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Published April 2012 | public
Journal Article

Elasticity of polydomain liquid crystal elastomers


Liquid crystal elastomers are rubbery networks of entropically dominated polymer chains that exhibit mobile liquid crystalline order. These materials have been of recent interest for the soft behavior (large deformations at relatively small stresses) observed in monodomain specimens where the director is the same at every point in the relaxed elastomer. This paper concerns the soft behavior of polydomain specimens where the director points in different directions at different points in the relaxed elastomer. We show that there is a significant difference between polydomains cross-linked in homogeneous high symmetry states then cooled to low symmetry polydomain states and those cross-linked directly in the low symmetry polydomain state. Specifically, elastomers cross-linked in the isotropic state then cooled to a nematic polydomain will, in the ideal limit, be perfectly soft, and with the introduction of non-ideality, will deform at very low stress until they are macroscopically aligned. In fact, we expect these samples to exhibit elasticity significantly softer than monodomain samples, as has recently been observed by Urayama et al. Further, the director patterns will be fine-scale structures that are macroscopically isotropic and not schlieren textures. In contrast, polydomains cross-linked in the nematic polydomain state will be mechanically harder and contain characteristic schlieren director patterns. The models we use for polydomain elastomers are spatially heterogeneous extensions of the neo-classical soft and semi-soft free energies used successfully to describe monodomain samples. We elucidate the effective behavior by bounding the energies using Taylor-like (compatible test strain fields) and Sachs-like (equilibrated stress field) bounds, both valid to large deformations. Good agreement is found with experiments. We also analyze smectic polydomain elastomers and propose that polydomain SmC* elastomers cross-linked in the SmA monodomain state are promising candidates for low field electrical actuation.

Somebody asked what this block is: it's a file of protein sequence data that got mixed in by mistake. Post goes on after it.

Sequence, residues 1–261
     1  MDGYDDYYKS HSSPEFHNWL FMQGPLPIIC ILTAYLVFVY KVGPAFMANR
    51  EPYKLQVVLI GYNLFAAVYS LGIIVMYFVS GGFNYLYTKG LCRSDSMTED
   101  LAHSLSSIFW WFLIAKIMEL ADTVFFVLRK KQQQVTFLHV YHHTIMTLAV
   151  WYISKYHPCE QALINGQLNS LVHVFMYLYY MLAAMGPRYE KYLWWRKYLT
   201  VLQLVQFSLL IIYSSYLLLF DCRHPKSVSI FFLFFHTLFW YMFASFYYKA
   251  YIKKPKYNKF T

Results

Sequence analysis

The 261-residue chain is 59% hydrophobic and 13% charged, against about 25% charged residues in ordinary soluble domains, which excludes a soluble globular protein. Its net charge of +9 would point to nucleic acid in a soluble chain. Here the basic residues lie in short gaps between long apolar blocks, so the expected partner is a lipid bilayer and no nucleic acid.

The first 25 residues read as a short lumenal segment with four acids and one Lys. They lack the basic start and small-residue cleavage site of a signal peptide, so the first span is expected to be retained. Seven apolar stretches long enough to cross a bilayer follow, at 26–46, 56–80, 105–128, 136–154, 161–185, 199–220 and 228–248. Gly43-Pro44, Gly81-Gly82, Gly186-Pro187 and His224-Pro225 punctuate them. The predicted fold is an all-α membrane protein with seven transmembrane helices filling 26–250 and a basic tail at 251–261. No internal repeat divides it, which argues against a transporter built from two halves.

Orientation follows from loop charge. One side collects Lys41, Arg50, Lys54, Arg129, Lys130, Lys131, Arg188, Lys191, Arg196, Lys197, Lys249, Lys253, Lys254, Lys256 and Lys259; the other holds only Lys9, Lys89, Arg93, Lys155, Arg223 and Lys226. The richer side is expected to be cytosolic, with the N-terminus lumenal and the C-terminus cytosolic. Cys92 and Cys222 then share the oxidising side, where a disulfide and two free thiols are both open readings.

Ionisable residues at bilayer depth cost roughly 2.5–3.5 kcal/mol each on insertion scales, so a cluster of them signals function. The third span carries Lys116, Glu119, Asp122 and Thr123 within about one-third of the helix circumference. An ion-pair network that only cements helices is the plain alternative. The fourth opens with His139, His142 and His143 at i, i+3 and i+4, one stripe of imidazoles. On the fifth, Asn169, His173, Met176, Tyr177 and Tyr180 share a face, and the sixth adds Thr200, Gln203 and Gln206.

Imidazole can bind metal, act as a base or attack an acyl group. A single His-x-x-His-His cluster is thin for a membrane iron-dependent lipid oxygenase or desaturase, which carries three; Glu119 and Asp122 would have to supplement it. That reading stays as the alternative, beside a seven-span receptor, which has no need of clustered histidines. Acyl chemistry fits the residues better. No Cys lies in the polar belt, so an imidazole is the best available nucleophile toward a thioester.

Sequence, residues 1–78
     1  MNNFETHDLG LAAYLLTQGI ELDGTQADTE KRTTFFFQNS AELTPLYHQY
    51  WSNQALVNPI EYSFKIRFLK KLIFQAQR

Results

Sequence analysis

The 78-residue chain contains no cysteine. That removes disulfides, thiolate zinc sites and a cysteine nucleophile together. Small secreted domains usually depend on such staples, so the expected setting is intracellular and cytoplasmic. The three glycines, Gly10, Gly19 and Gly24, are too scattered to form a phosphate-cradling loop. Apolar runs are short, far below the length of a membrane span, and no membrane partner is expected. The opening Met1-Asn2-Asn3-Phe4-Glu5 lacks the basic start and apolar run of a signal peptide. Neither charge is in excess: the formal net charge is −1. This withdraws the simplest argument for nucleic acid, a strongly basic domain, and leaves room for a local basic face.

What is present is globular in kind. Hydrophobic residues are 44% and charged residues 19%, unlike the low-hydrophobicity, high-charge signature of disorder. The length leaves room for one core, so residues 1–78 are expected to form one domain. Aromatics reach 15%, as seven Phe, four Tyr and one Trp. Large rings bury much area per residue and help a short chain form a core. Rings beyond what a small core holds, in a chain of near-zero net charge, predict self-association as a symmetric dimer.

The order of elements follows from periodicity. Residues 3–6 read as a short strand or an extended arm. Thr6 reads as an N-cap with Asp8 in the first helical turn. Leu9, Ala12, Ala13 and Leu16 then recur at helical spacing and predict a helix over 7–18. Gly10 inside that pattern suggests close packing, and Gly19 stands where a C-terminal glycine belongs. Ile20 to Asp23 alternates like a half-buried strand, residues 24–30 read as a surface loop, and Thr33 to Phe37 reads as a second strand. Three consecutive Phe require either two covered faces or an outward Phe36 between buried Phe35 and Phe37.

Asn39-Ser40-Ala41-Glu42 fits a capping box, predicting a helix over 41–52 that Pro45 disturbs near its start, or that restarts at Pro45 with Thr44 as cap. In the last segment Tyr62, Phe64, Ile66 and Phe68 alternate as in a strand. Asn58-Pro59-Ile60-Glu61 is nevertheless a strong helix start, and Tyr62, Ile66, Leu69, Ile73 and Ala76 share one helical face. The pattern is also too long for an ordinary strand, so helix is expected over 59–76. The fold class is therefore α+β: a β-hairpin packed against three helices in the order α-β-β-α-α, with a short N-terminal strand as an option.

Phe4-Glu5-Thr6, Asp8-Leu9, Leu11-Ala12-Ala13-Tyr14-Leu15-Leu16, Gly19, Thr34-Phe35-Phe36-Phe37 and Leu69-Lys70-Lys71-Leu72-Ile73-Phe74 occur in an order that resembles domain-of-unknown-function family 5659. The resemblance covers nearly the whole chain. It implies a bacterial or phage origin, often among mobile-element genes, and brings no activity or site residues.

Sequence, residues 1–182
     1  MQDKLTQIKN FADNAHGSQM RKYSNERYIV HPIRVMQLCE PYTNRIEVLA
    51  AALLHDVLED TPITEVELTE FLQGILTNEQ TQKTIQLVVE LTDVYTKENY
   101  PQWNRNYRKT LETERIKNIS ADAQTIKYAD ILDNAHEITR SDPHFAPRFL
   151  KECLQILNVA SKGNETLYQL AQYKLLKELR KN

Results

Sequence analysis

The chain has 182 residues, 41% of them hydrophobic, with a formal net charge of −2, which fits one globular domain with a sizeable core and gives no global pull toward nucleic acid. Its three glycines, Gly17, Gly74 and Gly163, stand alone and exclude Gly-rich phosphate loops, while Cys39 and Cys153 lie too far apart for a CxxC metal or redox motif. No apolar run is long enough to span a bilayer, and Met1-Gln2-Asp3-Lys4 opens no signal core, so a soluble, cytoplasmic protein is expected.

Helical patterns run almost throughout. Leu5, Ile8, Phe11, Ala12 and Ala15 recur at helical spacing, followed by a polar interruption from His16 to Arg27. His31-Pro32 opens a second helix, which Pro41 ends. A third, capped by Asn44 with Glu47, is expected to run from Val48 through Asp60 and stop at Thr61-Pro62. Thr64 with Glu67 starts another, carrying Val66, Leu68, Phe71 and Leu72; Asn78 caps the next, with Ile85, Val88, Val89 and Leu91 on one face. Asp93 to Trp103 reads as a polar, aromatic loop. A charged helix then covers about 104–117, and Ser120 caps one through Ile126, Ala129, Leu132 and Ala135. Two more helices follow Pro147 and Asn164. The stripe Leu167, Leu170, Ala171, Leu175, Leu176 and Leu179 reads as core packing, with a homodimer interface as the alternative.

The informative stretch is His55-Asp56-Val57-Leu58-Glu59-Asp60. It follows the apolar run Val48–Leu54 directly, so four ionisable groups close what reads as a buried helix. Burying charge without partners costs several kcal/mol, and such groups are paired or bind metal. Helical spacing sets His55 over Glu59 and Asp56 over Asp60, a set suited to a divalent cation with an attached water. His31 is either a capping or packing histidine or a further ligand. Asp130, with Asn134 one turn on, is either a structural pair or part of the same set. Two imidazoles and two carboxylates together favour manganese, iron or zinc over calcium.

Additional Information

© 2012 Elsevier Ltd. Received 30 July 2011. Revised 19 December 2011. Accepted 4 January 2012. Available online 9 January 2012. This draws from the thesis of JSB at the Cavendish Laboratory, and was conducted during the sabbatical visit of KB to the Cavendish Laboratory. KB gratefully acknowledges the hospitality of the TCM group at Cavendish and Clare Hall, and the support of the UK EPSRC.

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